Research ArticleImmunology

Aspirin ameliorates experimental autoimmune encephalomyelitis through interleukin-11–mediated protection of regulatory T cells

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Science Signaling  27 Nov 2018:
Vol. 11, Issue 558, eaar8278
DOI: 10.1126/scisignal.aar8278

Aspirin protects Tregs

Aspirin is a common pain reliever that inactivates the enzyme cyclooxygenase, which is required for the synthesis of inflammatory prostaglandins and thromboxane. Mondal et al. found that aspirin also reduced the development of disease in mice with experimental autoimmune encephalitis (EAE), a model of multiple sclerosis (MS), by reversing the depletion of regulatory T cells (Tregs) that occurs during the disease. The effects of aspirin required the cytokine IL-11, which was itself sufficient to promote Treg stability and protect the mice from EAE development. These data suggest that low-dose aspirin regimens may benefit patients with MS.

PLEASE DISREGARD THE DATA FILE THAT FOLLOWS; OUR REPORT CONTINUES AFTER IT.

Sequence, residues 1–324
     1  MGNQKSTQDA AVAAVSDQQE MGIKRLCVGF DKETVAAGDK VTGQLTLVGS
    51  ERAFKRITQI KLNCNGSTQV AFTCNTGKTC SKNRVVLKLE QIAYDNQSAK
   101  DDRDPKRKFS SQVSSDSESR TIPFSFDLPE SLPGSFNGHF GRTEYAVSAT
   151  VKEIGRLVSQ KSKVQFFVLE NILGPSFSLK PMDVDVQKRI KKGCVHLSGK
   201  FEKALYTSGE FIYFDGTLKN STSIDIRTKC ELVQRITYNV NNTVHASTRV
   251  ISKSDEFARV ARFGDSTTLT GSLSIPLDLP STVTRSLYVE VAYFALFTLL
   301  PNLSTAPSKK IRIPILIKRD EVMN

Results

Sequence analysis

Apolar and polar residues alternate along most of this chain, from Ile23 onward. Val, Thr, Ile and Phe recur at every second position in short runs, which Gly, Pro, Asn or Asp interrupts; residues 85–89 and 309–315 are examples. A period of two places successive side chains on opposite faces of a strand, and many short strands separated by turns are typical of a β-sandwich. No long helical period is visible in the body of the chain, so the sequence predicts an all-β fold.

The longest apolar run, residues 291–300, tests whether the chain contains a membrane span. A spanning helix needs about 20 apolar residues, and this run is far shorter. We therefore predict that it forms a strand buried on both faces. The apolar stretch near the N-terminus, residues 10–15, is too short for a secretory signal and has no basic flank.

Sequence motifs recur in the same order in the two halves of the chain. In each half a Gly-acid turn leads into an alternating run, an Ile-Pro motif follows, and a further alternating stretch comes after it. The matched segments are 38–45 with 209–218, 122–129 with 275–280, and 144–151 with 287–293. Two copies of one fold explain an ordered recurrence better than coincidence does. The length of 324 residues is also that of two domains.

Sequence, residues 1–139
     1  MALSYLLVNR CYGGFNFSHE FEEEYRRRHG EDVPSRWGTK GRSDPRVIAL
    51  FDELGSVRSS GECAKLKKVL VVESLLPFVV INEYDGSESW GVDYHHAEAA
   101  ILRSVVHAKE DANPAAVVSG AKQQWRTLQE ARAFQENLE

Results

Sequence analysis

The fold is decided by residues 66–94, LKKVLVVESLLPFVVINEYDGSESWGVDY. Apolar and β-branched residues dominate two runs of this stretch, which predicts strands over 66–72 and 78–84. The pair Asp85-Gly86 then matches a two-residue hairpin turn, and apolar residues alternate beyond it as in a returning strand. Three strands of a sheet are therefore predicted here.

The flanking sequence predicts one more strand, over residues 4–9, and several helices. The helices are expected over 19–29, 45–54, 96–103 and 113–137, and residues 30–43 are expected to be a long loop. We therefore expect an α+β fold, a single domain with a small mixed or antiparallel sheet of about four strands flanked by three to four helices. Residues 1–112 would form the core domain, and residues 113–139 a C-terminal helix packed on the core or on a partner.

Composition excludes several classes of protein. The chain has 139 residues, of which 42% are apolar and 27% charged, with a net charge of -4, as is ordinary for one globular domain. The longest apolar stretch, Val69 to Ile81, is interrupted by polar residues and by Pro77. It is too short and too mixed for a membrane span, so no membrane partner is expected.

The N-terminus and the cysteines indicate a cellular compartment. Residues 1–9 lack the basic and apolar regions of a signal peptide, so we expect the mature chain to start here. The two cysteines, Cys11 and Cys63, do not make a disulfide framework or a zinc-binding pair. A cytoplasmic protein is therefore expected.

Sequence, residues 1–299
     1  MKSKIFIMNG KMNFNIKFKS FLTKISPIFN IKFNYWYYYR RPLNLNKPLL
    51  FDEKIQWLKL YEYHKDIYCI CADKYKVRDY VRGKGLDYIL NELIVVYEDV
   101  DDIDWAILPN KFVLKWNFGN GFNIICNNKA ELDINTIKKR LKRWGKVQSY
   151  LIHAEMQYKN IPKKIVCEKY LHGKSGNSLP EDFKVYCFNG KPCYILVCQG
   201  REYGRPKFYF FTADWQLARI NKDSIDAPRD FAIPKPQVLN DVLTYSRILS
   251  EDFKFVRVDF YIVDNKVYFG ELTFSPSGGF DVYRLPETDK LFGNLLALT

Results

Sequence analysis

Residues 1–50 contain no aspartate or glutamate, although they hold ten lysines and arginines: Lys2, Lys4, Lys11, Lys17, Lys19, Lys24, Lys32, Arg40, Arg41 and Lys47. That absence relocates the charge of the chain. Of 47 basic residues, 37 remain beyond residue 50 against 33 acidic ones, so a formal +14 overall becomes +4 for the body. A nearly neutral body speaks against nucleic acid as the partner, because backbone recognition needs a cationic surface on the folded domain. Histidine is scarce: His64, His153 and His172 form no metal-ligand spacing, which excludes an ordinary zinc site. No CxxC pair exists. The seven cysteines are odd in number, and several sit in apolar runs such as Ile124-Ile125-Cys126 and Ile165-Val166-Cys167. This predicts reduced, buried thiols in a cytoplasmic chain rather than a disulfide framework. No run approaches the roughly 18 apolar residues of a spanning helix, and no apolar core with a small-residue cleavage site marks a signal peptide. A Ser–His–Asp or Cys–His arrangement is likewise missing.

Multiple sclerosis (MS) is a human disease that results from autoimmune T cells targeting myelin protein that is expressed within the central nervous system. In MS, the number of FoxP3-expressing regulatory T cells (Tregs) is reduced, which facilitates the activation of autoreactive T cells. Because aspirin (acetylsalicylic acid) is the most widely used nonsteroidal anti-inflammatory drug, we examined its immunomodulatory effect in mice with experimental autoimmune encephalomyelitis (EAE), an animal model of MS. We found that low-dose aspirin suppressed the clinical symptoms of EAE in mouse models of both relapsing-remitting and chronic disease. Aspirin reduced the development of EAE driven by myelin basic protein (MBP)–specific T cells and the associated perivascular cuffing, inflammation, and demyelination. The effects of aspirin required the presence of CD25+FoxP3+ Tregs. Aspirin increased the amounts of Foxp3 and interleukin-4 (IL-4) in T cells and suppressed the differentiation of naïve T cells into T helper 17 (TH17) and TH1 cells. Aspirin also increased the transcription of Il11 mediated by the transcription factor CREB, which was necessary for the generation of Tregs. Neutralization of IL-11 negated the effects of aspirin on Treg development and exacerbated EAE. Furthermore, we found that IL-11 alone was sufficient to maintain the percentage of FoxP3+ Tregs and protect mice from EAE. These results identify a previously uncharacterized mode of action of aspirin.

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